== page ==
Drills for Domed Training Devices
The following is a series of drills using domed training devices with unstable surfaces; these drills may be used by the strength and conditioning professional to challenge his or her client's abilities while adding fun and variety to training sessions.
In recent years, many personal trainers have utilized domed training devices, such as the BOSU (DW Fitness LLC, Madison, NJ), to enhance various parameters of health and fitness. Although the efficacy of these devices has yet to be established, they do offer the client an alternative training stimuli when compared to ground-based training and also may serve as a fun and challenging adjunct to traditional training exercises. As a result, the use of these devices may enhance client motivation and reduce apathy and boredom toward training sessions.
The following is a series of drills that may be used by the strength and conditioning professional as part of a dynamic warm-up routine, between exercises in a circuit, or to challenge the client.
Squat With Medicine Ball Twist
This drill may be utilized by the strength and conditioning professional to improve active range of motion, as well as to develop shoulder and trunk stability. Begin with the feet approximately shoulder-width apart on top of the domed training device. While holding a medicine ball directly out in front of the body, perform a squat. On the descent, instruct the client to keep the arms straight, to rotate the torso, and to proceed to move the ball across the body to the left and to the right side before returning to the standing position (Figure 1) .
This exercise can be used to improve movement awareness skills, while strengthening the lower extremities and torso. While holding a handled medicine ball or a small dumbbell over the right shoulder, slowly begin to reach downward and across the body toward the outside of the left ankle (Figure 2) . After this has been accomplished, return back to the starting position, and repeat this movement for the desired number of repetitions. This drill then should be repeated in the same manner using the left arm.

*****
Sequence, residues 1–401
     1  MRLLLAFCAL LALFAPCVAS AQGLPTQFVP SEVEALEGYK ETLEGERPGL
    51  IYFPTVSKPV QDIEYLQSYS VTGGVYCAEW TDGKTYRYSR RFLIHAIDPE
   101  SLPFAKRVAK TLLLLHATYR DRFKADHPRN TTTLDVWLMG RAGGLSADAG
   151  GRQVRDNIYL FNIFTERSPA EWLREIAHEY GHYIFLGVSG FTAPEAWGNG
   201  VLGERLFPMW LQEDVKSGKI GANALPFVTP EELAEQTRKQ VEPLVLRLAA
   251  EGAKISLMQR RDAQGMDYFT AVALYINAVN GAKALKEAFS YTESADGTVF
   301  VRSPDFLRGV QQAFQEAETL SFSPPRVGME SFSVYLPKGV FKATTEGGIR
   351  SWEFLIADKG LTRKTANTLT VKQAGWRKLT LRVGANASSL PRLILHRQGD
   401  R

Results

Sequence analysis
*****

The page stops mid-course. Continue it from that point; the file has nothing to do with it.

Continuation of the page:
This drill can be utilized to aid in the development of ankle strength while providing assistance with deceleration to the domed device. While facing forward and standing next to the domed training device, perform a countermovement arm swing. Instruct the client to jump as high as possible while remaining under control and to land in a half-squat position with both feet on top of the dome. The goal is for the client to stick the landing (meaning once the feet make contact with the ball no extraneous movements, such as changes in foot position, should occur).
Up and Over
The purpose of this drill is to develop power, speed, and body control. Begin by standing sideways with the right foot closest to the domed training device. Leading with the right foot, the client steps laterally to the center of the training device, jumps upward off the right leg, and performs a step-ball-change. Once the left foot has been switched to the center of the dome, the client will land on the right foot to the left side of the device. This process is then repeated, moving rapidly for 20–30 seconds.
This drill may assist the strength and conditioning professional in developing coordination and foot speed, while emphasizing a high knee lift and proper arm actions for sprinting. Start by bending the arms at a 90° angle and positioning the left hand at chin level and the right hand at the back, right hip pocket (similar to a sprint). Place the right foot on top of the domed training device, and in a manner similar to running, rapidly switch the left and right foot on top of the domed training device. Proper arm action should be emphasized during this drill. Thus, when the right foot is on top, the left hand should be at the chin and vice versa.
Push-ups Return to TOC
This exercise can be selected by the strength and conditioning professional to enhance upper body strength, in addition to shoulder and trunk stability. With the dome side down, grasp the sides of the platform approximately shoulder-width apart and assume a push-up position. Slowly bend the elbows just below a 90° angle and lower the chest toward the platform. Make sure the lum-bopelvic musculature remains tightly contracted to avoid accentuating the lordotic curve in the lower back. Once this has been accomplished, extend the arms and return to the starting position.
Jay Dawes, Column Editor. Jay Dawes is the owner/director for the 180 Center for Health and Performance in Edmond, Oklahoma. E-mail: firstname.lastname@example.org
Original article found on www.nsca-lift.org